AOL, Inc. (AOL) is an Internet information provider. The stock has been in a downtrend for most of this year but recently found support in the $38 area. This support runs back to July of last year and should work again if need be.
Today I’m recommending that you trade AOL using one of my preferred option strategies: a put credit spread. Here is the information you need to know to open the position:
- Underlying stock — AOL (AOL)
- The stock closed at $39.95 on Friday.
- Trade Type — Put credit spread
- This position generates a 10% return on margin for a four-week holding period. Your maximum risk is $270 per contract.
A credit spread involves writing (selling to open) an option and purchasing (buying to open) an option at a different strike price in the same underlying security. The position, or leg, of the spread trade that you sell gives you a cash credit to your trading account. The option you buy limits your risk and lowers your margin requirement for the trade.
In a credit spread trade, you collect more money on the leg you write than you spend on the leg you buy, so you are getting paid to enter the trade! For maximum profits, you want both options involved in the spread to expire out-of-the-money. (For this particular credit spread, we are using AOL puts, as this is a bullish trade on the underlying stock.) But, regardless of what happens to the options, the money you receive for opening the position is yours to keep.
Making the Trade – Use a spread order to sell to open the AOL May 36 Put (AOL150516P00036000) and buy to open the AOL May 33 Put (AOL150516P00033000) for a spread credit of 30 cents or higher.
Note: This is the monthly option expiring on May 15, 2015.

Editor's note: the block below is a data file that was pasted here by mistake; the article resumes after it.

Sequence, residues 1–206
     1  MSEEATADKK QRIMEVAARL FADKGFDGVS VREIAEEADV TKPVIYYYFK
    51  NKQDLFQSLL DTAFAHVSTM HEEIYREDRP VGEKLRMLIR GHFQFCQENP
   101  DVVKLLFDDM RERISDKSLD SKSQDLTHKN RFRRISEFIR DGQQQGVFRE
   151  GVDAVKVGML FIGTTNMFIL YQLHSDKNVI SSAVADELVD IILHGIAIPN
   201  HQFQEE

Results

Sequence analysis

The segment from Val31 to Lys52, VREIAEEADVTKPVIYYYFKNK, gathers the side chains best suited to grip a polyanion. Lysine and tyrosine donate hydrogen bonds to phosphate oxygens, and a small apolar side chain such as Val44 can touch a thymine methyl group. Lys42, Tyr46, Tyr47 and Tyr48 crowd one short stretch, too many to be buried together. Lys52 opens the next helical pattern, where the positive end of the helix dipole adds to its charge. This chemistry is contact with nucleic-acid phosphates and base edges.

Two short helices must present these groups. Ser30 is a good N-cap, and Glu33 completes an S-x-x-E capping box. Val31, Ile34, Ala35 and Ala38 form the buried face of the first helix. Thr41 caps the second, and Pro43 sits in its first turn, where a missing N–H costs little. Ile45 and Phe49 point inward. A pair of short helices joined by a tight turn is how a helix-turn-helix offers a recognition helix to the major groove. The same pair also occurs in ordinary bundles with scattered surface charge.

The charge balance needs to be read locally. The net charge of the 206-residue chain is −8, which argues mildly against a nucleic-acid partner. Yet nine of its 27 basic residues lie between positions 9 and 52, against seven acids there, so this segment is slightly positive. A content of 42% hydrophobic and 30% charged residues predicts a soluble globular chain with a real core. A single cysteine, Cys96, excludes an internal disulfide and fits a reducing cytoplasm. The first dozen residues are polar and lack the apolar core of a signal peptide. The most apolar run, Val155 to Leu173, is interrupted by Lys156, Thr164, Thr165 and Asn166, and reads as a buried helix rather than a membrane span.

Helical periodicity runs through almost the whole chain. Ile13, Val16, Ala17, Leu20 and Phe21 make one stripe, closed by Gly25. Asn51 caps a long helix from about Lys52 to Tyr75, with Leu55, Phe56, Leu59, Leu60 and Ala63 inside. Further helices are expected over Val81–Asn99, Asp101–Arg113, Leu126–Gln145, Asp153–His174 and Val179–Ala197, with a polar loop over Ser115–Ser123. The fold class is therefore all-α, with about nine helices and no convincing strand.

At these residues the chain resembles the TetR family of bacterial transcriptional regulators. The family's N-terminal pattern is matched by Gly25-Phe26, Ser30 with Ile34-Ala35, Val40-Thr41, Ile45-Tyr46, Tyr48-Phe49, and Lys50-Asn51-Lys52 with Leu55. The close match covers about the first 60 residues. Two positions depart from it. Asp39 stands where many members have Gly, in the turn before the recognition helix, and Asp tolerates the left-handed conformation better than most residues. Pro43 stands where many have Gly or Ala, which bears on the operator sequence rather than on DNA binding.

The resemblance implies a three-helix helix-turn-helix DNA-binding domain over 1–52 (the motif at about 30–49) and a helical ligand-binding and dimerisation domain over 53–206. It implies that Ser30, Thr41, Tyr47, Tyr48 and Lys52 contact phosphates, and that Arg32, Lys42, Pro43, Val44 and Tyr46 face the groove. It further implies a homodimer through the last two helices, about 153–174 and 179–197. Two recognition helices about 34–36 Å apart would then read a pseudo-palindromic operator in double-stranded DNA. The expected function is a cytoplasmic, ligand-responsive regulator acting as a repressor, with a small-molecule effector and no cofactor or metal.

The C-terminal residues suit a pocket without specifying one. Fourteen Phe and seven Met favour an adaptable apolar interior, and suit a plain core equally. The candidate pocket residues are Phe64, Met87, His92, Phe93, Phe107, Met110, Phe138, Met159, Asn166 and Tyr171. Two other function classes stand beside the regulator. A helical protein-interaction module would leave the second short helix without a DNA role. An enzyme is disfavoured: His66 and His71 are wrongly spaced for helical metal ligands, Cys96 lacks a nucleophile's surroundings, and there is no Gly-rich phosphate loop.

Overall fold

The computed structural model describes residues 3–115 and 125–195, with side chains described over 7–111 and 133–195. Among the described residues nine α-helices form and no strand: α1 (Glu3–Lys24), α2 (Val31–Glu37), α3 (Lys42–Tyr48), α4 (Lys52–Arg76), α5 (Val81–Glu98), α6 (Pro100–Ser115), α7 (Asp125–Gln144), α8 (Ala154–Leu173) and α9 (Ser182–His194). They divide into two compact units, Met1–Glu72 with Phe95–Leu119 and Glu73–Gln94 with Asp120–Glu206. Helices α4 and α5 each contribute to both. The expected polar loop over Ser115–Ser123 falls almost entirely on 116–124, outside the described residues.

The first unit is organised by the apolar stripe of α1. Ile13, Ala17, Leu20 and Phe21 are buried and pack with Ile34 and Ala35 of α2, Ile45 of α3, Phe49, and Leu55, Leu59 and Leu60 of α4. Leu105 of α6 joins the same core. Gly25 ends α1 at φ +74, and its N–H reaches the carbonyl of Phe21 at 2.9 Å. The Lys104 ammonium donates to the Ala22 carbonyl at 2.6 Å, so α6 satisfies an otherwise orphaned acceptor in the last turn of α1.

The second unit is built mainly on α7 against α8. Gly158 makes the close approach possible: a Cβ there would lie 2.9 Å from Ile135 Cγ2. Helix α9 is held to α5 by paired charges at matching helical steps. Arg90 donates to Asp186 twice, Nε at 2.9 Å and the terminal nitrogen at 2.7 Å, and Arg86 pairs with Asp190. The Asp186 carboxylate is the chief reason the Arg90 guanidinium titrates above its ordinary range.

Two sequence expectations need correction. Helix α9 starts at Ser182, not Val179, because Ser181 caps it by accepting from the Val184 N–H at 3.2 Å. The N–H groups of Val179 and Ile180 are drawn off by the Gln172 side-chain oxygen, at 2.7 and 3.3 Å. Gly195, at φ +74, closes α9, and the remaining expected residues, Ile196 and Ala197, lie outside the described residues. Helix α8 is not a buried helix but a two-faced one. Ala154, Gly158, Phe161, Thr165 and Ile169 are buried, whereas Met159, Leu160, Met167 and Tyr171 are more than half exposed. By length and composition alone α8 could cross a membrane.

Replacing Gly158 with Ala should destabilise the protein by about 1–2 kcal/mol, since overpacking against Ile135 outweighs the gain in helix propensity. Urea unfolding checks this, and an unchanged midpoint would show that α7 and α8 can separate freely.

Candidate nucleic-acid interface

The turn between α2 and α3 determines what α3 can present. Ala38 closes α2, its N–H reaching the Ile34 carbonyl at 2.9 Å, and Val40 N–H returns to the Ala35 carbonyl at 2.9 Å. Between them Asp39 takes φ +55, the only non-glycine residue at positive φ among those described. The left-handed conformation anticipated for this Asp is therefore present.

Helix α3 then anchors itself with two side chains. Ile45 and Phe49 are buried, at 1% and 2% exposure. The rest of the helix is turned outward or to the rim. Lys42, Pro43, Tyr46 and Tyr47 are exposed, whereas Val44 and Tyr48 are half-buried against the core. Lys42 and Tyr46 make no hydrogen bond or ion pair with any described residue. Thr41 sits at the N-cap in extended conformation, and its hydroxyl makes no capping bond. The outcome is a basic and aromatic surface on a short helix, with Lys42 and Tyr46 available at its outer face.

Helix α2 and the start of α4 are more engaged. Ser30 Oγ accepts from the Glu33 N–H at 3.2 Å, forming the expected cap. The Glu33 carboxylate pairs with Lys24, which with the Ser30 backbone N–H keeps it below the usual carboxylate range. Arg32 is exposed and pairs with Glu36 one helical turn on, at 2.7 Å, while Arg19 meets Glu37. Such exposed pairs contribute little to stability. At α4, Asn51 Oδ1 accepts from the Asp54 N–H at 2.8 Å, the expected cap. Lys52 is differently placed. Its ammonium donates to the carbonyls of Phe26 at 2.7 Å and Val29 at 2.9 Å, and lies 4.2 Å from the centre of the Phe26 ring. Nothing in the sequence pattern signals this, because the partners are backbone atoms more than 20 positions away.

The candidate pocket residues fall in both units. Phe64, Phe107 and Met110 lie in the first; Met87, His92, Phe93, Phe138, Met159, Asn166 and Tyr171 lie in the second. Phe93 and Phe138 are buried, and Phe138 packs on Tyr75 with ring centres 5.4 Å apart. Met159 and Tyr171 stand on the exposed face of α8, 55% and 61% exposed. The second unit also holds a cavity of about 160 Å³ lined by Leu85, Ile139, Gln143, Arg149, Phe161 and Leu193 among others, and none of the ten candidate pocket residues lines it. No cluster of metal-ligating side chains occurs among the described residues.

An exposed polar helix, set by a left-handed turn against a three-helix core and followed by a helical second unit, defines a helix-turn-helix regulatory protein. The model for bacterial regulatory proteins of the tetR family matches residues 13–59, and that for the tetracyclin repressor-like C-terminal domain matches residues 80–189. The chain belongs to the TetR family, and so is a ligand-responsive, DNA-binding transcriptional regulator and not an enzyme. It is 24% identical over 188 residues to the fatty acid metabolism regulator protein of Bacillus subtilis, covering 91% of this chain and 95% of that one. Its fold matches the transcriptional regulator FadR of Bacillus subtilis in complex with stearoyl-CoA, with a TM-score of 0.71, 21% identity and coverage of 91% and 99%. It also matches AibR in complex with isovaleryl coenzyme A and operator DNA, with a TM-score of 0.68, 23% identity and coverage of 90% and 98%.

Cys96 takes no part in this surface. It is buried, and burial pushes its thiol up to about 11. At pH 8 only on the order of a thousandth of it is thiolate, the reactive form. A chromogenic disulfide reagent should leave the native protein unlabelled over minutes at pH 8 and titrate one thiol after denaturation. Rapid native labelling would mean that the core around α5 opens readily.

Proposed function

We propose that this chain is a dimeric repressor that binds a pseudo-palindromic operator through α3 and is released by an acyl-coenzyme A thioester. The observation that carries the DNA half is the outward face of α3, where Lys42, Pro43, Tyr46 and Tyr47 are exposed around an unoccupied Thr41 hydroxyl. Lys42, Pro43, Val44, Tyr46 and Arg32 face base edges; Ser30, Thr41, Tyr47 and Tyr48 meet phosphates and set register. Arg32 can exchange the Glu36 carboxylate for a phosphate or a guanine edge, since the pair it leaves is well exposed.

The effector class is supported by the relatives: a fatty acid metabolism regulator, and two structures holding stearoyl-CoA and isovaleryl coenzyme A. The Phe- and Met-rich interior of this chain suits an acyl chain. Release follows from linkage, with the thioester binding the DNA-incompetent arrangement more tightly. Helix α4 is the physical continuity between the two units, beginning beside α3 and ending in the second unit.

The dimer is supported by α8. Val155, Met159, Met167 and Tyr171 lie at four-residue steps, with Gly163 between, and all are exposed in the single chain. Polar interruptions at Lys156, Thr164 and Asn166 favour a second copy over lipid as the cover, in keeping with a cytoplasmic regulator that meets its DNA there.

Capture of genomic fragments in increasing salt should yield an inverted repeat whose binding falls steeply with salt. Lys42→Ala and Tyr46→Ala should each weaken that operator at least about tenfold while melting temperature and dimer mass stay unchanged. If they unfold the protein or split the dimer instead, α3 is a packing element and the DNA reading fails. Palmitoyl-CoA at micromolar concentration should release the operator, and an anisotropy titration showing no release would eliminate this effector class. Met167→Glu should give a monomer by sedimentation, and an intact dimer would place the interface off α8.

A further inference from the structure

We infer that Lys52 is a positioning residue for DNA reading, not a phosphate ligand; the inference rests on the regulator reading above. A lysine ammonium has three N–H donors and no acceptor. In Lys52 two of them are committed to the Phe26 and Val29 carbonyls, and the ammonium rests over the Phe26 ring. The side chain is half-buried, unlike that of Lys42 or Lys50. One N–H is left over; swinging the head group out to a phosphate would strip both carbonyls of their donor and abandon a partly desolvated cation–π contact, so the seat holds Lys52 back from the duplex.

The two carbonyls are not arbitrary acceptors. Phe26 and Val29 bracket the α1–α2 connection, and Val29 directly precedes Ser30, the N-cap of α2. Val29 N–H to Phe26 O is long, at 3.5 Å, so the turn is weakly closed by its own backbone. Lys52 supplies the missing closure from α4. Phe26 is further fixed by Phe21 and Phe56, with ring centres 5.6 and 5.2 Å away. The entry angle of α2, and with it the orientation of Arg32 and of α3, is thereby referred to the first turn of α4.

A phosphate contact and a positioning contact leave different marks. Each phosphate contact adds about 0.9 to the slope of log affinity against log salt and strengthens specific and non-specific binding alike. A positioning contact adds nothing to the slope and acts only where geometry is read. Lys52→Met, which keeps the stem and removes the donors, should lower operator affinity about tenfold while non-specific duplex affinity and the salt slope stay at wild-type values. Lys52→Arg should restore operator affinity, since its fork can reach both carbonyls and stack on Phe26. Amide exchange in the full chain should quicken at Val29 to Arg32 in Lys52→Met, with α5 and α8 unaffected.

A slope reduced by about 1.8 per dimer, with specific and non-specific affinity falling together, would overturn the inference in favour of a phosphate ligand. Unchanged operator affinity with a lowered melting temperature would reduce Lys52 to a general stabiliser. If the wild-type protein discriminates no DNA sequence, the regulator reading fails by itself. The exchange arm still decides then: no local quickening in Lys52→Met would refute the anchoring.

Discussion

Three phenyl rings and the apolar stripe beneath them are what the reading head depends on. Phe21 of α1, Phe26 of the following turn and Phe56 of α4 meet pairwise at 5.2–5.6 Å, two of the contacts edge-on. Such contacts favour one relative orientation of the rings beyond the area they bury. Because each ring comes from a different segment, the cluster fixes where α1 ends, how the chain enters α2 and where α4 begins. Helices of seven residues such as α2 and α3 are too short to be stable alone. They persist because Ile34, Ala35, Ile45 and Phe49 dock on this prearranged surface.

If you are new to trading credit spreads, you will need to talk to your broker first and make sure your account is set up to handle two-legged trades. This is simply being able to place each part of the trade (leg) at the same time as a single transaction. To do this, you will generally need level 4 trading privileges.
Your broker will also require you to have enough cash or margin in your account to “cover” the underlying stock for each put option you write. That’s because if you do not close the position and the AOL May 36 Put expires in-the-money, you will be obligated to buy 100 shares of the stock at $36 per share for each credit spread contract you open. That’s not our goal, but it is possible.
As such, I recommend that you use an auto-stop order to close this position if AOL trades below $35.50 prior to May options expiration and you do not want to buy the stock. If you’d like to hear more about credit spreads before initiating this trade, be sure to check out my free report, Wall Street’s Most Powerful Trading Secret.
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